Trial starts June 15 for former ROC pastor
Joey Matthews | 6/12/2015, 12:03 p.m. | Updated on 6/12/2015, 12:03 p.m.
Google the name Geronimo Aguilar and you’ll find articles that chronicle the rise and fall of the former Richmond Outreach Center pastor once affectionately known as “Pastor G.”
An article in late 2001 asked if he was the “next great hope for Richmond’s inner city.”
By May 2013, the picture turned bleak with his arrest in Texas on charges that he sexually abused an 11-year-old girl and her 13-year-old sister in the mid-1990s in Tarrant County.
He is scheduled to go on trial Monday, June 15, in Fort Worth, Texas, on seven felony counts for incidents while he was a youth minister in that city. The 45-year-old husband and father of five faces from five years to life in prison on each of two aggravated sexual assault counts alone.
Jury selection is scheduled for the morning of June 15, with testimony slated for that afternoon, Samantha Jordan, a spokesperson with the Tarrant County Criminal District Attorney’s Office, told the Free Press last week.
David L. Carlson, a Glen Allen attorney on Mr. Aguilar’s defense team, told the Free Press he expects the trial to conclude in early July.
Earlier, Tarrant County Judge Louis Sturns denied a motion by Mr. Aguilar’s defense team to dismiss the charges after they argued that the case was brought after the statute of limitations had run out.
Mr. Carlson explained, “At the time of the alleged offense, the statute of limitation was 10 years. If you apply that, then it’s expired.”
Since then, he said, the statute of limitation has been amended in Texas twice, and now, there is no time limit on when charges must be filed in child sexual assault cases.
Mr. Aguilar has maintained his innocence.
Asked how Mr. Aguilar is doing as the trial date nears, he said, “He’s fine. He probably wouldn’t be in this situation if he wasn’t the public figure he is.”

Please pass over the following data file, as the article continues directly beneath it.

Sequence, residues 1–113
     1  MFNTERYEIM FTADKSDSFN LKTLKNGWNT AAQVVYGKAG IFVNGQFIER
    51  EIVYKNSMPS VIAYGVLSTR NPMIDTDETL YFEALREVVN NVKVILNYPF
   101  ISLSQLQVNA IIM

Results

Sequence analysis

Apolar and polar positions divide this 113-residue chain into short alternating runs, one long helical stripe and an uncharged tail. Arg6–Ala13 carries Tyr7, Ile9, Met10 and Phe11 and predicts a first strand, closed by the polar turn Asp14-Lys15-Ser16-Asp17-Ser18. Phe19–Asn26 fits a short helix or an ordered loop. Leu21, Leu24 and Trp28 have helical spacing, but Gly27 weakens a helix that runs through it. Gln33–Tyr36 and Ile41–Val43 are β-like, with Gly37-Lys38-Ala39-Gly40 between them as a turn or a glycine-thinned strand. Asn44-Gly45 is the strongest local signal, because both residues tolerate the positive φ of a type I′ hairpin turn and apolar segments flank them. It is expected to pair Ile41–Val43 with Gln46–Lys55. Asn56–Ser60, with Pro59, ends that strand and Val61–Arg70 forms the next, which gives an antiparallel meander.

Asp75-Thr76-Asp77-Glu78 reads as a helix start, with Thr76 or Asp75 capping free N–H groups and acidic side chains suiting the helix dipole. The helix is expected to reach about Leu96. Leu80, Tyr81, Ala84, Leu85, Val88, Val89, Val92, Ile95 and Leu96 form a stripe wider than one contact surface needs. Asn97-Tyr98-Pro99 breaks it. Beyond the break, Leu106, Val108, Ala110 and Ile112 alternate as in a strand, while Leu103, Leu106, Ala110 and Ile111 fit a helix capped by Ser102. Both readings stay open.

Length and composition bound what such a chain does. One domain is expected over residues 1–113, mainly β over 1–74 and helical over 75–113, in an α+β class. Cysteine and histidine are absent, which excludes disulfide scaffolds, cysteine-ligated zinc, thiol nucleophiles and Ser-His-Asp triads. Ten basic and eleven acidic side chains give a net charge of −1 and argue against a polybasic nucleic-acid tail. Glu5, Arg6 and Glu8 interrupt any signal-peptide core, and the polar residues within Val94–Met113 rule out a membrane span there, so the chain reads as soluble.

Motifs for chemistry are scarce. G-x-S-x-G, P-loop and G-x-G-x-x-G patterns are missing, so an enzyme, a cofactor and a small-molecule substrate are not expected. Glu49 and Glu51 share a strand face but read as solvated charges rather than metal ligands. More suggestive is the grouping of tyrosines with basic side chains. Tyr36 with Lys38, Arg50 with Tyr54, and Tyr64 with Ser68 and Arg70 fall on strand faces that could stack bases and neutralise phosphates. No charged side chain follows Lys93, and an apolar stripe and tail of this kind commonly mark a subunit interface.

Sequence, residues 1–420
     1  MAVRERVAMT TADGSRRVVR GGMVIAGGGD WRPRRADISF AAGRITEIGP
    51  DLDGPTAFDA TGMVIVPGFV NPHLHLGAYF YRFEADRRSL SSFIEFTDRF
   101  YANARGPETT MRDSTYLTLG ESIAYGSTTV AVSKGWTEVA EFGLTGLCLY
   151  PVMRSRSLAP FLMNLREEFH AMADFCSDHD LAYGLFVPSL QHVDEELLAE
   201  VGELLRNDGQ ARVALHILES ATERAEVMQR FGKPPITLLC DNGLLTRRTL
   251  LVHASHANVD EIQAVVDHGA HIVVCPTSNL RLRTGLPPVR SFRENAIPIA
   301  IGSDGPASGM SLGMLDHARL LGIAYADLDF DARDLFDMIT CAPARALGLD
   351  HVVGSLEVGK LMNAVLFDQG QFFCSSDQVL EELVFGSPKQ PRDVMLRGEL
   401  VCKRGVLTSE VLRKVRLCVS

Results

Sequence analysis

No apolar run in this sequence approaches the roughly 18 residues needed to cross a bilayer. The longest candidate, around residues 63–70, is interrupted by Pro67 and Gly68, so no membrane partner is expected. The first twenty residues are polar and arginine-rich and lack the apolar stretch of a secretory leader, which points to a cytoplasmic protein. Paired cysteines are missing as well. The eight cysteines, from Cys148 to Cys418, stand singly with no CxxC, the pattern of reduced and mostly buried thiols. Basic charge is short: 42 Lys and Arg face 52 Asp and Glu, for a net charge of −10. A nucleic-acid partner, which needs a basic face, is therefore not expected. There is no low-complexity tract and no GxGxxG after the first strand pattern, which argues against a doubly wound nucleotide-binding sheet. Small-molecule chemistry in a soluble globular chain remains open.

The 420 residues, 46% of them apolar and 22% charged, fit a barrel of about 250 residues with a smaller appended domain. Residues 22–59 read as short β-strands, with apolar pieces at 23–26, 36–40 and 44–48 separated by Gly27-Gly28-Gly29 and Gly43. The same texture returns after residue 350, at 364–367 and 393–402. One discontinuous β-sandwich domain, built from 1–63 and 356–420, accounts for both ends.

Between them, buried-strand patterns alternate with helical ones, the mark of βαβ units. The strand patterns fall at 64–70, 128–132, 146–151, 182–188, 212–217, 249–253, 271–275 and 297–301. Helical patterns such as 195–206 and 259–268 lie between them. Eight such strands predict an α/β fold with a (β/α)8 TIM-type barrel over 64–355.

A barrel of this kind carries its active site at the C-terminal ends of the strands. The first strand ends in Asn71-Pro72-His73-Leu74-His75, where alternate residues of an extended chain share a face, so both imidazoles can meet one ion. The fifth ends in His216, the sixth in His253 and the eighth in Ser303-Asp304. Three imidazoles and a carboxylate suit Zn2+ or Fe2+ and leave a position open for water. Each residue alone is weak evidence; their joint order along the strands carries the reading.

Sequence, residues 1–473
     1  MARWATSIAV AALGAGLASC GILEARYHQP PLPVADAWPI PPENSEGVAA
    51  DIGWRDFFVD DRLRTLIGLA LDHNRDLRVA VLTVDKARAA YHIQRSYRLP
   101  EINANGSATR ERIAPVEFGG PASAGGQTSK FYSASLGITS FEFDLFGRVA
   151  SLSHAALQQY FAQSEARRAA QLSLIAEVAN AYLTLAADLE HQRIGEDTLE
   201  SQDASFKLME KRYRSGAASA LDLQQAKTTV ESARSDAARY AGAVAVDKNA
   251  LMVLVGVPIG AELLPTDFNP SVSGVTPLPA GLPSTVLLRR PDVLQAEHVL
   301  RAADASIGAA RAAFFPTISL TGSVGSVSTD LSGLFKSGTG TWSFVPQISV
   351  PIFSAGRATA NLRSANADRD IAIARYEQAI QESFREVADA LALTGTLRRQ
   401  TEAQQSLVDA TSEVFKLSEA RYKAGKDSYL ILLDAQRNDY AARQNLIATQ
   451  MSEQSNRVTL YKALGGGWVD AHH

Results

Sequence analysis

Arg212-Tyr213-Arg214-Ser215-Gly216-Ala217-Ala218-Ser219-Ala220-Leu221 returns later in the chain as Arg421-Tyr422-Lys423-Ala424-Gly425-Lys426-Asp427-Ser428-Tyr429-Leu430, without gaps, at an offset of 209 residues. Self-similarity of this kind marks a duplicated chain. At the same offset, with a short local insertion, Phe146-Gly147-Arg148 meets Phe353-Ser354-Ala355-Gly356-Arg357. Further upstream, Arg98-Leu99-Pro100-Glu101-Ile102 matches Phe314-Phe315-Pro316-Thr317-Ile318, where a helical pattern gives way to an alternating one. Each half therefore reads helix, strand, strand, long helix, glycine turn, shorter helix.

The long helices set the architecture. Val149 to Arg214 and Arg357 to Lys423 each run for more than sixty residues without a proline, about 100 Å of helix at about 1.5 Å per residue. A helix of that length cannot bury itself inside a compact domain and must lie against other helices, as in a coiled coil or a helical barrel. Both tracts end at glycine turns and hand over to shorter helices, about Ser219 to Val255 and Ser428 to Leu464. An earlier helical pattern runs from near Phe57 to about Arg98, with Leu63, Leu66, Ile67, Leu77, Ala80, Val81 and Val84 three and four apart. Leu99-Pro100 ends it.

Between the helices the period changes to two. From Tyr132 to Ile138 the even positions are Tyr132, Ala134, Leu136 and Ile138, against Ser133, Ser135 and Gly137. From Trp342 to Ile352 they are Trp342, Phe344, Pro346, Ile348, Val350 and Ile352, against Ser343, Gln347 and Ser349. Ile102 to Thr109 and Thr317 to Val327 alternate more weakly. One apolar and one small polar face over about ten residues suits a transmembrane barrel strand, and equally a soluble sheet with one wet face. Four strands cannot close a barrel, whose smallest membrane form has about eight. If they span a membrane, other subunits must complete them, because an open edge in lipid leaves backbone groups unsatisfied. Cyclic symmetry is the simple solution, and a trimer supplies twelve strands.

Mr. Carlson said Mr. Aguilar has “been laying low, like we’ve asked him to do,” since he was first indicted in September 2013 by a Texas grand jury.
It’s a far different scenario than when Mr. Aguilar and 19 other individuals from Southern California came to Richmond in 2001 and started the ROC.
The church held its first worship service in a small South Side warehouse with its stated mission to lure the downcast and poor into its doors to help break the cycle of poverty in Richmond.
The ROC began sending volunteer-driven buses with church members aboard to the city’s public housing communities and to parks where homeless people congregated to drive them to the church.
During the next 12 years, the church quickly outgrew the warehouse and moved to a larger campus-like setting on Warwick Road. Later, it settled into its current home at 5501 Midlothian Turnpike.
The ROC was widely praised by local and state politicians, the business community and other pastors for its hard-charging efforts to help others. The ROC opened several homes in the Richmond area to help drug-addicted persons, single mothers and wayward youths.
At its peak, the ROC claimed to attract more than 11,000 people to its weekly services and had more than 150 unique ministries — among them a motorcycle ministry, a tattoo ministry, food pantry and free computer classes.
Attendance has fallen significantly since then, with several hundred people attending the church’s main services at 6 p.m. Saturdays. The ROC also has sold several of its properties.
The downward spiral began when Mr. Aguilar resigned from the ROC in June 2013 after his arrest and the church’s board of directors said it learned he had affairs with several church members.
Meanwhile, the Richmond Outreach Center continues its search for a full-time senior pastor to lead the church. Several pastors have led services in recent months.
Sources also told the Free Press the church also is in discussions to possibly change its name.